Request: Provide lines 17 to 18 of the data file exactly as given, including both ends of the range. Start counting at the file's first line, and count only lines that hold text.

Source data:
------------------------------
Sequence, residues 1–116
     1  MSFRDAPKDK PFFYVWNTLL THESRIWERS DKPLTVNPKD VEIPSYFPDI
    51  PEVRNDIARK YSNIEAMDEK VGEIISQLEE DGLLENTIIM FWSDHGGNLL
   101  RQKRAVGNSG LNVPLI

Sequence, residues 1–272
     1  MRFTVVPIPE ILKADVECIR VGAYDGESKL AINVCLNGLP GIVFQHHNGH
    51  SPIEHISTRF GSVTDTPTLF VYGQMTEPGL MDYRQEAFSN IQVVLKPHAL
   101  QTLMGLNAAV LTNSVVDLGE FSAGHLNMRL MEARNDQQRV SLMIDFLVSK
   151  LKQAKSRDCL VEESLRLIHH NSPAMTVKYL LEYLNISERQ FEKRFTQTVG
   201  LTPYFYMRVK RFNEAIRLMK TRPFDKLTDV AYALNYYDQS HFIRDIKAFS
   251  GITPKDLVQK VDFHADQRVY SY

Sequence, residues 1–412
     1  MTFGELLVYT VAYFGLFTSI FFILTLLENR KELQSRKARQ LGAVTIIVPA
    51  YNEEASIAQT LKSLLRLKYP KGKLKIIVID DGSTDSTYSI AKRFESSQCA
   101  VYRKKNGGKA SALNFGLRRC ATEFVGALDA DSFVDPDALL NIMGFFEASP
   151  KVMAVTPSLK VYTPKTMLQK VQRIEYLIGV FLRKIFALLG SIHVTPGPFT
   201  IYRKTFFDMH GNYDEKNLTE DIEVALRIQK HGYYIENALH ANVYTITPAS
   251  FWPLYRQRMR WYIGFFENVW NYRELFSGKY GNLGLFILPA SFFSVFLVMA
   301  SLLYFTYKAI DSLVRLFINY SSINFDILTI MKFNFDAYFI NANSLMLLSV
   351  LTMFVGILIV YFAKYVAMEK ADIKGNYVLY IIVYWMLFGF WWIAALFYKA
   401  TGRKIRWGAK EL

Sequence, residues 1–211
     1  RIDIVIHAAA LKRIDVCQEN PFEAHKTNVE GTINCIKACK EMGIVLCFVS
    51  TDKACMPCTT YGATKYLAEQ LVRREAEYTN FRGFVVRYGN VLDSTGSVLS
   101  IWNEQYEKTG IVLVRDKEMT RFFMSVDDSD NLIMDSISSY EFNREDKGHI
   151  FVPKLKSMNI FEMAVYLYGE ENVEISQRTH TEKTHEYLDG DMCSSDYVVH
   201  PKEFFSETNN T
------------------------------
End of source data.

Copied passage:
   201  IYRKTFFDMH GNYDEKNLTE DIEVALRIQK HGYYIENALH ANVYTITPAS
   251  FWPLYRQRMR WYIGFFENVW NYRELFSGKY GNLGLFILPA SFFSVFLVMA